# How to write pages

The Octopus documentation web pages are written in markdown and use Hugo as framework with the hugo-theme-docdock theme. Hugo is a static webpage generator, which builds web pages from markdown sources.

For the Octopus pages, we keep these markdown sources within the Octopus source repository, which should encourage to write documentation whenever new code is added, and to update the documentation in case of code changes. The remaining files (e.g. configuration, shortcodes) required for the Hugo system reside in a separate repository.

Hugo requires a header on each page, which contains metadata about the page. Let’s have a look at this example:

---
title: "Getting started"
description: "Learn how to run the code"
weight: 1
tutorials: ["Octopus Basics"]
theories: ["DFT"]
calculation_modes: ["Ground state"]
system_types: ["Molecule"]
species_types: ["Pseudopotentials"]
features: ["Total energy"]
utilities: []
difficulties: ["basic"]
---
The minimum required header must contain:

---
title: "Getting started"
---
Without these lines, a page will not be rendered to HTML. The description should be a one-line summary of the page, and weight determines the order, in which pages are displayed in listings, with smaller number being displayed first.

The remaining entries are part of the so-called taxonomy, and are used to assign pages to certain categories. See Tutorials as example.

### Hugo shortcodes

Hugo provides so-called shortcodes, which allow to define functions or macros, which can be used on a markdown page.

• {{< octopus >}}: Octopus
• {{< octopus-version >}}: main
• {{< emph "text" >}}: text
• {{< code "text" >}}: text
• {{< code-line "text" >}}: text
• {{< file "text" >}}: text
• {{< command "text" >}}: text
• {{< command-line "text" >}}:
text
• {{< name "text" >}}: text

Some of these seem redundant, but they originate from porting the old wikimedia pages to the new framework. Shortcodes as those above receive any content as argument. This, however, does not allow to render further markup or other shortcodes inside this content. If this is required, one has to use shortcodes which come as a opening and closing shortcode. Some examples for these are:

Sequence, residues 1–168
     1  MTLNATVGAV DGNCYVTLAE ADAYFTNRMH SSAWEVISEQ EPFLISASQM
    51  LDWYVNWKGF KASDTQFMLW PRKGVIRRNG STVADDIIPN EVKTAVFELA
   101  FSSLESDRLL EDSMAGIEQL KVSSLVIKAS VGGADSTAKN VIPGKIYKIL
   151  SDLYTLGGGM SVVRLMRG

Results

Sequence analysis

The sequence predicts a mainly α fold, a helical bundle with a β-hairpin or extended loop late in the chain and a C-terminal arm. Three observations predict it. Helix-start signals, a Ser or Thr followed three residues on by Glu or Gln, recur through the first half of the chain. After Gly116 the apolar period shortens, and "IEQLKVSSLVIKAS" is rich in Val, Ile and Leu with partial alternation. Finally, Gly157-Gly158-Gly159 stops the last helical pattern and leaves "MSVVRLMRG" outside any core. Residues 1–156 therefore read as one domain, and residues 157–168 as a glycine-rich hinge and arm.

• Code blocks:
{{< code-block >}}
Example:
{{< octopus >}} {{< octopus-version >}}
{{< /code-block >}}

which will display as:

Example:
Octopus  main

• Inline code:
An inline code segment like {{< code-inline >}}This is version {{< octopus-version >}}{{< /code-inline >}} will display the text This is version main inline with the paragraph.

Other usful shortcodes:

Units
Compilation

### Automatically generated pages

The information about the variables is automatically generated from the source code.

### Versioning of the documentation

The Hugo system, together with the scripts to build the pages, can provide the documentation for different (major) versions of Octopus.

If, for a given branch of the code, the documentation is contained in the folder <basedir>/doc/hugo/ , the contents of these folders will be copied into the Hugo content/ folder, before the pages for that version are created. If this directory does not exist, the files will be taken from default_content/ within the octopus documentation repository.